Lara's ruin and the English novel

The subtitle of the edition of Dr Zhivago that I read is 'One of the greatest love stories ever told'.  Whilst reading the novel, I realised that it's much more than a love story and there are bigger themes at play than this subtitle suggests.  Nevertheless, Zhivago's passion for Lara Antipova is an important theme in the novel, as is his love for his family and Tonya, his legal wife.  What I found most interesting about all of this is that Lara's story begins (rather than ends) with her being ruined by an older gentleman friend of her seamstress mother.  I couldn't help comparing this to the heroine of an English novel, whose ruination would, most definitely, come at the end of the novel. 

One thing I love about the Russians is that they are quite practical about 'matters of the heart' and don't tend to take a moral high ground or judge other people's relationships, in the way that we love to do in Ireland and Britain.  Lara is not condemned for being a fallen woman, but becomes the real heroine of the novel, an incredibly kind woman who is even more respected, it would seem, because of the fact that she isn't perfect.  Zhivago's wife, Tonya, who is morally 'pure' and would be a perfect character in a Jane Austen novel, becomes irrelevant in this Russian one and can't support Zhivago when he needs her most.  Likewise, the fact that Zhivago is 'living in sin' with Lara is barely relevant to the events of the book and, in many ways, their relationship is one of the only things that makes sense in the chaotic world they find themselves in.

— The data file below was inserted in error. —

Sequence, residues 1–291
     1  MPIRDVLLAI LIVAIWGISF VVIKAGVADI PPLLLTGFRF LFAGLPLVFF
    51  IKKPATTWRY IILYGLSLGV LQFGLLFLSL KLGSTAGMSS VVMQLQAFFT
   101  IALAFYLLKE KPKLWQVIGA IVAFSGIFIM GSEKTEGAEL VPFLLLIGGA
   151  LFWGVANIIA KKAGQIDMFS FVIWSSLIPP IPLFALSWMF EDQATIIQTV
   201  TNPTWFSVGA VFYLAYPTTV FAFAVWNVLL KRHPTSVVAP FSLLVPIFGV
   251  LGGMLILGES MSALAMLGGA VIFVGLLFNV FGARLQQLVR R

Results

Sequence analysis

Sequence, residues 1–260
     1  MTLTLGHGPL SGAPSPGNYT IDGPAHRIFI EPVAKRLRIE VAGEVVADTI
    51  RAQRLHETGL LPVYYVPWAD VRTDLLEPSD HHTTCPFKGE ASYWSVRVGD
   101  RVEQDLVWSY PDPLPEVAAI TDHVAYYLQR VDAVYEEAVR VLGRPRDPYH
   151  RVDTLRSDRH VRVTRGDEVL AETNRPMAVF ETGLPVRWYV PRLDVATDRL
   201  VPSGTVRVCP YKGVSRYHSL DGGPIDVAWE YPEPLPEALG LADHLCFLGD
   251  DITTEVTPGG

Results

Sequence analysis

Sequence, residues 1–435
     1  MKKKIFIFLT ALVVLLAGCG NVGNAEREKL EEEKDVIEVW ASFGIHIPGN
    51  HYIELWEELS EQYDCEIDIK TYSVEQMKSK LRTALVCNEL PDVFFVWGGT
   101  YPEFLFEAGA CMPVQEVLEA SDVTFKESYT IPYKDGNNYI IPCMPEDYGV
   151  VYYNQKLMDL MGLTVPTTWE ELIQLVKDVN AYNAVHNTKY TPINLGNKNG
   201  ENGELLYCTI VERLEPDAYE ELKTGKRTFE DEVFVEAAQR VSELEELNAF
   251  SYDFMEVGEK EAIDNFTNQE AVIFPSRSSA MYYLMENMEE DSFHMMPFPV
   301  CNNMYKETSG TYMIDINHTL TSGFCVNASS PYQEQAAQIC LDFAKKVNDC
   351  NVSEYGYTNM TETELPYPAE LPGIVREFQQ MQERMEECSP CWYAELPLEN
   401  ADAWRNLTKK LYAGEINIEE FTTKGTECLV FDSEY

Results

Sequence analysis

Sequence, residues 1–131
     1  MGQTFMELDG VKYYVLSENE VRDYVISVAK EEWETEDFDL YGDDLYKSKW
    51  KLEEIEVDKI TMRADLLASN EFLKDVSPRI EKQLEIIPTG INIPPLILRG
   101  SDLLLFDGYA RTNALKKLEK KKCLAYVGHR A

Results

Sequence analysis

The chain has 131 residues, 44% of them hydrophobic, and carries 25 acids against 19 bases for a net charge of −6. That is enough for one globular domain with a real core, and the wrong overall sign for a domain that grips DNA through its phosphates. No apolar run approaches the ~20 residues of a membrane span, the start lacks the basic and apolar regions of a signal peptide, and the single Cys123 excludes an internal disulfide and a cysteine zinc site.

The Suffering of the Jewish people in World War 1